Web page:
… On average, Picasso’s masks and figure sculptures were mediocre or worse; among the hundred-odd examples, there are only about half a dozen truly fine objects. These are offset not only by poor-quality carvings, but by some inauthentic “tourist” works (made by tribal artists for sale rather than for ritual purposes).

… Picasso could not have cared less. As he observed to me in regard to one mediocre example, “You don’t need the masterpiece to get the idea.” This is, of course the point. A concept or component of style is entirely accessible in second-rate examples and even, as Picasso himself observed on that occasion, in fakes.

… Picasso’s mass of Primitive sculptures, far from constituting a private museum of tribal art, was distributed around the studio more or less on a par with other objects he found visually interesting, ranging from paintings, sculptures, and textiles to musical instruments (both tribal and modern), bibelots, souvenirs, and toys. Picasso held on to this material with fetishistic devotion throughout his life.

… That tribal art influenced Picasso and many of his colleagues in significant ways is beyond question. But that it caused no fundamental change in the direction of modern art is equally true. Picasso himself put it succinctly when he said “The African sculptures that hang around my studios are more witness than models.” That is, they more bore witness to his enterprise than served as starting points for his imagery. Like the Japanese prints that fascinated Manet and Degas, Primitive objects had less to do with redirecting the history of modern painting than with reinforcing and sanctioning developments already under way. Nevertheless, Picasso — who had an instinct for the mot juste — chose his words carefully, and his “more … than” construction must be looked at with care. Though more “witnesses” than “models,” the sculptures were admittedly thus models to some extent. Hence, while first elected for their affinity to the artist’s aims, once in the studio, the tribal objects took on a dual role, and exerted some influence.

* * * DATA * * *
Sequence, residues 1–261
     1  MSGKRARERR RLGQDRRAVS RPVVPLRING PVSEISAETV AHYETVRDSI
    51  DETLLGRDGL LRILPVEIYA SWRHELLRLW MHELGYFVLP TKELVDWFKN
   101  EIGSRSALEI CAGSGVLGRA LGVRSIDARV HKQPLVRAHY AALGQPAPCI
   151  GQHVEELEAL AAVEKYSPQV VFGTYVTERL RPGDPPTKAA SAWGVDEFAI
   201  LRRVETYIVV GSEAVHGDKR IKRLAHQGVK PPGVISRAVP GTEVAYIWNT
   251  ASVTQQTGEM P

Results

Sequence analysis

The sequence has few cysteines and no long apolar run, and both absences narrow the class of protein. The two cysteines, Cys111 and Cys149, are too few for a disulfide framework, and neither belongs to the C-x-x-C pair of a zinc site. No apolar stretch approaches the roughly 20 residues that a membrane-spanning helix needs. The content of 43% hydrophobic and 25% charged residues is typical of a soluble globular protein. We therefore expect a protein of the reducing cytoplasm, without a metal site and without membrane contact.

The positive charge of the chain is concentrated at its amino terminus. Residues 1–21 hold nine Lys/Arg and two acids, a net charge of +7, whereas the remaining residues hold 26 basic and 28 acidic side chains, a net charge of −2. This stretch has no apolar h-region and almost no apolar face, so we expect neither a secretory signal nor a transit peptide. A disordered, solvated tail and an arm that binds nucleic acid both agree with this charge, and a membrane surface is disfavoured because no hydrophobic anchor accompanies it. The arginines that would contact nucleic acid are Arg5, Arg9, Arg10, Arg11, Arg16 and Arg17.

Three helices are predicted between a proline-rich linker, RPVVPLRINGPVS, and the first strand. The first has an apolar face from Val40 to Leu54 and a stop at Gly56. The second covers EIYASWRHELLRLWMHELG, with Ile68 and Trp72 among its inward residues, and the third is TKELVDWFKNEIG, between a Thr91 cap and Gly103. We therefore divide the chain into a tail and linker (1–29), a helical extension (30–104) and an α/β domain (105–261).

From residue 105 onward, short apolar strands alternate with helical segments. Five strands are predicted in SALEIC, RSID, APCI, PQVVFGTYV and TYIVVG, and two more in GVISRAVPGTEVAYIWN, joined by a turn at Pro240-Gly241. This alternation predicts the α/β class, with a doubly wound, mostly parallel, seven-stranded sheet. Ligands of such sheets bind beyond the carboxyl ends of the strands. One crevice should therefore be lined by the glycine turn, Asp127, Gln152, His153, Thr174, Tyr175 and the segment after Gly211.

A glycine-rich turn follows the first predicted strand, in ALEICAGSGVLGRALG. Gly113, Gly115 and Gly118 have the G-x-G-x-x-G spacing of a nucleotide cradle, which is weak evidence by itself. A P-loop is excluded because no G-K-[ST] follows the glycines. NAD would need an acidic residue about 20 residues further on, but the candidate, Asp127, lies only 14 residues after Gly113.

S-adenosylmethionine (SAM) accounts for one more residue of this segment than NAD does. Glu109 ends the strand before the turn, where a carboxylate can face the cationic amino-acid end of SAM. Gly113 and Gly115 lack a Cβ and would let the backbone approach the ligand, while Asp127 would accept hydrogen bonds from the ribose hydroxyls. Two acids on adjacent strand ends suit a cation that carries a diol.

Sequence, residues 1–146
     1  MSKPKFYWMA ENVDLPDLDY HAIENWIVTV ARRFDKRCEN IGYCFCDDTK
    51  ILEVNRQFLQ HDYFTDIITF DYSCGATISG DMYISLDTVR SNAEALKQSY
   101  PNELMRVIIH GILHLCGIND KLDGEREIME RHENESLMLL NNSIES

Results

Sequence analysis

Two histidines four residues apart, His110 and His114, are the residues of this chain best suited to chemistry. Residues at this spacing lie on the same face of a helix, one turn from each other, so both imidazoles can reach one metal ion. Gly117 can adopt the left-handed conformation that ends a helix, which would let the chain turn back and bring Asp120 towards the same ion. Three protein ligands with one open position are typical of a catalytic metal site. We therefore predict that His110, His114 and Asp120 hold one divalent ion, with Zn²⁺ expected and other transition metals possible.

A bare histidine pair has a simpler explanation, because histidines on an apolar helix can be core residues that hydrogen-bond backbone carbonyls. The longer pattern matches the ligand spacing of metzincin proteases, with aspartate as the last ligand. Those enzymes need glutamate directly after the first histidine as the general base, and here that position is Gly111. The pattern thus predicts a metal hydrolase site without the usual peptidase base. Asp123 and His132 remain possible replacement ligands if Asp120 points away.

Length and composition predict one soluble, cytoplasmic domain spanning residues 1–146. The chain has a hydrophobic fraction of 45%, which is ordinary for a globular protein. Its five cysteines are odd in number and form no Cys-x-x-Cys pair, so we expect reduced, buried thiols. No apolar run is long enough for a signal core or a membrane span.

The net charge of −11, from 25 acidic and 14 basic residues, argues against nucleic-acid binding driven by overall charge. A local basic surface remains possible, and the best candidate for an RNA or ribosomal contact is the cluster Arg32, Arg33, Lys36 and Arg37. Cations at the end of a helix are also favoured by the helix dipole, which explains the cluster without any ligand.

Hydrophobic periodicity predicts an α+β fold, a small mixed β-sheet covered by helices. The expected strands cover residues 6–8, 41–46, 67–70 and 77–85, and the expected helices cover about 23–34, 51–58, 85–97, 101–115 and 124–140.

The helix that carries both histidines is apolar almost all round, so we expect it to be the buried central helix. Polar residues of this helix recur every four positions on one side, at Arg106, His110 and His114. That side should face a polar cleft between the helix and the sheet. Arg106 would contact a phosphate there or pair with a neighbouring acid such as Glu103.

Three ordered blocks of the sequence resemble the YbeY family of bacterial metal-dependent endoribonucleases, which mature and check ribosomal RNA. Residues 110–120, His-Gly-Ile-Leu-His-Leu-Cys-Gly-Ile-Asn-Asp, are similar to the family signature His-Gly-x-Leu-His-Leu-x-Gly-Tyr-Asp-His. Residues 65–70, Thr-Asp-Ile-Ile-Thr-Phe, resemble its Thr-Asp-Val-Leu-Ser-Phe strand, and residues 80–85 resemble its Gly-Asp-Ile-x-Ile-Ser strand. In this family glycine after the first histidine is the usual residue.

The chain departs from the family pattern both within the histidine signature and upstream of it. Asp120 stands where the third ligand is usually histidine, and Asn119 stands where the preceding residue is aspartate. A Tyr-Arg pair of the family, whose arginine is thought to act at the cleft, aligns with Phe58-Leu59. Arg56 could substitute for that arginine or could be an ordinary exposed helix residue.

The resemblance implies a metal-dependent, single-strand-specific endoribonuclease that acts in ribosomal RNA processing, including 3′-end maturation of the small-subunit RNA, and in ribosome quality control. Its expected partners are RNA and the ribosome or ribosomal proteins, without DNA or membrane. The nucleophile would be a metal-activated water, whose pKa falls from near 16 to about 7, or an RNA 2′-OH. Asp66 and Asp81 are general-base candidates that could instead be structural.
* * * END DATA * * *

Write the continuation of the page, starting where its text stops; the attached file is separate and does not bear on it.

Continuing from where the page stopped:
Blog at WordPress.com.

%d bloggers like this: